Bridget Stocker

Story by Isabel Herstell

Faculty of Science, 2017

A Literary Chemist

As a young woman pursuing tertiary education, Bridget Stocker was faced with a big decision: what to study?

Having excelled in both sciences and the humanities throughout high school, Bridget opted for an undergraduate programme that focused on Chemistry, Commercial Law, and Management.

In 2006 Bridget began work at the Malaghan Institute of Medical Research co-establishing the immunoglycomics research team, which studied the effects of carbohydrates on immune responses.

While working at the Malaghan Institute Bridget was awarded the New Zealand Institute of Chemistry’s Easterfield Medal for “significant research by an emerging chemist” in 2011.

After completing her PhD in Chemistry, and working as a postdoctorate researcher, Bridget gained a position as a senior lecturer here at Victoria.

A Marriage of Science and Creativity

With a diverse conjoint degree and experience working in different environments as both teacher and student, Bridget broadened her horizons even further when she decided to branch out into creative writing.

One of her earliest pieces was a spellbinding short story of a night in the life, and mind, of Nobel Prize-winning chemist, Marie Curie, who discovered the radioactive elements radium and polonium while working in Paris around the turn of the twentieth century.

Finding Marie Curie

In 2011 the Royal Society of New Zealand Manhire Prize for Creative Writing invited contributions on the theme of 'chemistry and our world'. The theme was chosen in recognition of the 100th anniversary of Marie Curie being awarded the Nobel Prize in Chemistry.

A friend suggested to Bridget that she read Susan Quinn’s 1996 biography Marie Curie: A life.

Bridget was not committed to entering the competition, though she decided to read the biography anyway. As a chemist and a woman, she was interested in learning about the trailblazing Curie’s life.

A pivotal moment came later, on a walk through her local Aro Park. It was then that Bridget decided to enter the competition. She notes, “when I write I need to first see the imagery - I suddenly had this vision of the radioactive material emanating a faint green glow from the flasks at night”.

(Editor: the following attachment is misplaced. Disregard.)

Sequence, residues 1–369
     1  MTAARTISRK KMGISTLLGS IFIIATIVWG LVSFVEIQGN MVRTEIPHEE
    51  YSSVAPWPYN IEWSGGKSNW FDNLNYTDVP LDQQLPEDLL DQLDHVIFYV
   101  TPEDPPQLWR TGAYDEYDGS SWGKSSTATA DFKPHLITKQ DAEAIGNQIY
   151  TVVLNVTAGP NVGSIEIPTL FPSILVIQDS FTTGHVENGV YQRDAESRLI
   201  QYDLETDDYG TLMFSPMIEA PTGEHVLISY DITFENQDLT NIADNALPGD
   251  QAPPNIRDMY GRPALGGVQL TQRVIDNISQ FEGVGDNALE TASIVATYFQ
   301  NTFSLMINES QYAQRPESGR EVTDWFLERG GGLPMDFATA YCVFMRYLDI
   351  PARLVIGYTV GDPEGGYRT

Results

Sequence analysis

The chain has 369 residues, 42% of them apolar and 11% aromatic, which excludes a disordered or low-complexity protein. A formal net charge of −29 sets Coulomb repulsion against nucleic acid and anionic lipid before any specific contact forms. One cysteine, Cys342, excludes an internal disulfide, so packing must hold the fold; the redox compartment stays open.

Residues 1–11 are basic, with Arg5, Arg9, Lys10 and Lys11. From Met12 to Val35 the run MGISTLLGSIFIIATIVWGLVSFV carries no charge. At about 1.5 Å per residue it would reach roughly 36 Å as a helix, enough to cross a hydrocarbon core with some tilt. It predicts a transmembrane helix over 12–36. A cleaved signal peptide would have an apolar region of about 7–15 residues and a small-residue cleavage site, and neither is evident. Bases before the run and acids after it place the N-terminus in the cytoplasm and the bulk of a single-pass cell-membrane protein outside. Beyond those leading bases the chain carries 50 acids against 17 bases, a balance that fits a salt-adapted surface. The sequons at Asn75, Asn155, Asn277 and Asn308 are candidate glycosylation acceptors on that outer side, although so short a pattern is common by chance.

This vision of Curie, sitting in a contemplative darkness, observing the radioactive material, helped to create the atmosphere of the narrative, and inspired the rest of the story.

Bridget went on to win the competition with her submission Radium, a love story.

Marie Curie

  • <p>Portrait of Marie Curie taken by Arthur Mee. </p>


2011 proved to be a successful year for Bridget, winning both the New Zealand Institute of Chemistry Easterfield Medal and the Royal Society of New Zealand Manhire Prize for Creative Writing.

To be recognised in two fields that are often perceived as unconnected, chemistry and creative writing, illustrates the fact that the two fields are not mutually exclusive and can often be intricately linked.

Bridget argues, “both science and the arts require creative thinking - especially if you are to do something unique”.

Just as it requires imagination to create a piece of fiction, that same element of imagination is required to think outside of the box when working on original ideas in Chemistry.

Looking to the Future

Bridget's success as both a chemist and a writer shows the growing need for creative people working in science and vice versa.

With one novel completed and pending publication, and another in its final stages, Bridget's future as a literary chemist looks bright.

Find the School of Chemical and Physical Sciences

Laby Building, Victoria University of Wellington, Kelburn, Wellington 6012, New Zealand